Anna Kharazii, 37, embraces her daughter Kira, 3, as they wait to do paperwork at a registration center set up at the Hospital Zendal in Madrid, Spain, March 22, 2022. REUTERS/Susana Vera
March 23, 2022
By Silvio Castellanos and Susana Vera
MADRID (Reuters) – When Russian bombs began falling on Kharkiv, Anna Kharazii knew she had to get out. After a harrowing voyage across Europe with her young daughter, mother and mother-in-law, the family is building a new life in Spain.
“We came here with nothing, just hand luggage, and they have given us everything,” Kharazii, 37, told Reuters at Madrid’s Isabel Zendal hospital, converted into an administrative centre for Ukrainian refugees.
Some 25,000 Ukrainians have entered Spain since Russia invaded on Feb. 24, according to the latest government estimates. In neighbouring Portugal, Ukrainians are now the second-largest foreign community after Brazilians. The United Nations says almost 3.6 million refugees have fled Ukraine so far.
“We feel really welcomed and grateful for their hospitality,” said Kharazii, an IT expert and interior designer who is being helped by a Spanish family.
Fearing for their lives, Kharazii and her husband packed their daughter Kira and their elderly mothers into a car just after the invasion and set off for the western city of Ivano-Frankivsk, which they believed would be safe.
Relying on strangers for food and shelter, they dodged air-raids and slept in bunkers along the way.
“You have to switch off the light so that they do not drop the bomb on us,” three-year old Kira said in a cellphone video filmed just before their escape, dressed in a rainbow-coloured tutu and head torch and clutching a stuffed pink unicorn.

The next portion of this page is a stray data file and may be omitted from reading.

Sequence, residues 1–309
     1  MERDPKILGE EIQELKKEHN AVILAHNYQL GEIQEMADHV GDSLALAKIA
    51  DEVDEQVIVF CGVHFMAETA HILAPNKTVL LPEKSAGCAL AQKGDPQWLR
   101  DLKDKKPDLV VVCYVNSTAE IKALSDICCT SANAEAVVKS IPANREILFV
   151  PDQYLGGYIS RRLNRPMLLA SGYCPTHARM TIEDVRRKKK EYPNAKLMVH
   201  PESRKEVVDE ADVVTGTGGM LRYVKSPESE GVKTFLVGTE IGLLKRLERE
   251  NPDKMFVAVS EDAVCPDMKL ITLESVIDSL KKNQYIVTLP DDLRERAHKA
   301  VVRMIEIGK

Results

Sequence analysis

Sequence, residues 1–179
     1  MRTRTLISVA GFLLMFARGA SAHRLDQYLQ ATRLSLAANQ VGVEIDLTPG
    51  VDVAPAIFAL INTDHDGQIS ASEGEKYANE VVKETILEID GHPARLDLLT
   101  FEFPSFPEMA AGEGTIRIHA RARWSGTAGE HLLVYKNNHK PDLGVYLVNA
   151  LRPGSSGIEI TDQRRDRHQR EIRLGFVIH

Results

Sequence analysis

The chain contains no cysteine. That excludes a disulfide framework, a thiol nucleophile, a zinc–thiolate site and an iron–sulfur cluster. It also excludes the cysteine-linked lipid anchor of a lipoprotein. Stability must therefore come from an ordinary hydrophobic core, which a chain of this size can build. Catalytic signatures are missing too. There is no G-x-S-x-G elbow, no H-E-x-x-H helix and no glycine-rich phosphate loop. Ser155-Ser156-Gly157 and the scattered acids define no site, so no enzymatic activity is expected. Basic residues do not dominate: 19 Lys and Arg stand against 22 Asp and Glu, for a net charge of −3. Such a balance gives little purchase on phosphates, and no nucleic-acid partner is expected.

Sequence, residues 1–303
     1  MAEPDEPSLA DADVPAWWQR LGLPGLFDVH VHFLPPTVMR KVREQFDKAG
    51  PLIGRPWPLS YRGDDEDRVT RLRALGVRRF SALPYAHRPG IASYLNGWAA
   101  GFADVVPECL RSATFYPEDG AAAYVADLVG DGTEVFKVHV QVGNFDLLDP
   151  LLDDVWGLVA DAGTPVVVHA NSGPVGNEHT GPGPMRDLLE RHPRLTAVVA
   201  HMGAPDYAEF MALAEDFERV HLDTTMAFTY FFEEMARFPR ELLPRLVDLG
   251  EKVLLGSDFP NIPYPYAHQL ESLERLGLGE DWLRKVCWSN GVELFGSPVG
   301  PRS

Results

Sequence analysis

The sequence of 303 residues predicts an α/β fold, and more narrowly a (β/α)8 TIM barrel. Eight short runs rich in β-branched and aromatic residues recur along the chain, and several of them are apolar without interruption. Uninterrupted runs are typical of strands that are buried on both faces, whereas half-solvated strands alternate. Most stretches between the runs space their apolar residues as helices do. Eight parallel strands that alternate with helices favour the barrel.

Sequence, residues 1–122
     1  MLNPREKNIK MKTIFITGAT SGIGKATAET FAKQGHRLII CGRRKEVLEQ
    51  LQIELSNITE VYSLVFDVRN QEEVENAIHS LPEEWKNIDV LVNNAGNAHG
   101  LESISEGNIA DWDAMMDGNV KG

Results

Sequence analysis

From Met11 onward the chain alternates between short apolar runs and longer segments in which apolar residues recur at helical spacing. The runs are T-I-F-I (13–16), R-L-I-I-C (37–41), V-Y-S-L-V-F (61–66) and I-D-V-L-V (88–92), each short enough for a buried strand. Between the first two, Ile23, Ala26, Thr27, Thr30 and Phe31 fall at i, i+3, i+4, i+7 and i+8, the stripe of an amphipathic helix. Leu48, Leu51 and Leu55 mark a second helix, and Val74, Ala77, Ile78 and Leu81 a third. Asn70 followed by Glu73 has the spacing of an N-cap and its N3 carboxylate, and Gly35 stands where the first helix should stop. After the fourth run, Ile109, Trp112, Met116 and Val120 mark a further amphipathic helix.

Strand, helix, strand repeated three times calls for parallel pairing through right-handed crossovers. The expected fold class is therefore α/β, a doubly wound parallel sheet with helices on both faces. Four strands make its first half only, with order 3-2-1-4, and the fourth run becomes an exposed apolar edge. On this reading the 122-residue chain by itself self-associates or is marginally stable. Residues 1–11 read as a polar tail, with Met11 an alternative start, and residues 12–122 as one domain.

But when they arrived, Ivano-Frankivsk was also under attack and Kharazii realised they had to leave Ukraine.
Her husband, Kirill Antonov, stayed behind to deliver supplies to troops, while the women took a 35-hour bus trip to Budapest where they found a free flight to Madrid on March 18.
A relative living in Spain put them in touch with Maria Jose Angoitia, a retired book shop owner who had a vacant flat.
“We had just bought it and were planning to rent it and we said ‘That’s it, the four of them are coming here!’” Angoitia said, explaining that friends and neighbours helped furnish the house with beds, a television and a microwave.
Angoitia accompanied the family on Tuesday to help them apply for their free travel cards and healthcare registration.
While the women waited in line, Kira, who has already visited the school she will be attending, propelled herself around on a toy motorbike and played with her new Spanish host.
Kharazii’s Russian-born mother-in-law Svitlana Antonova, 64, who grew up in the Donbas region of Ukraine, recalled how she already had to flee once when fighting broke out between pro-Russian separatists and Ukrainian troops eight years ago.
“I always thought Russia was the country most committed to peace, I was raised with that thought,” she said.
“All of it was a lie.”
(Writing by Nathan Allen, editing by Andrei Khalip and Alexandra Hudson)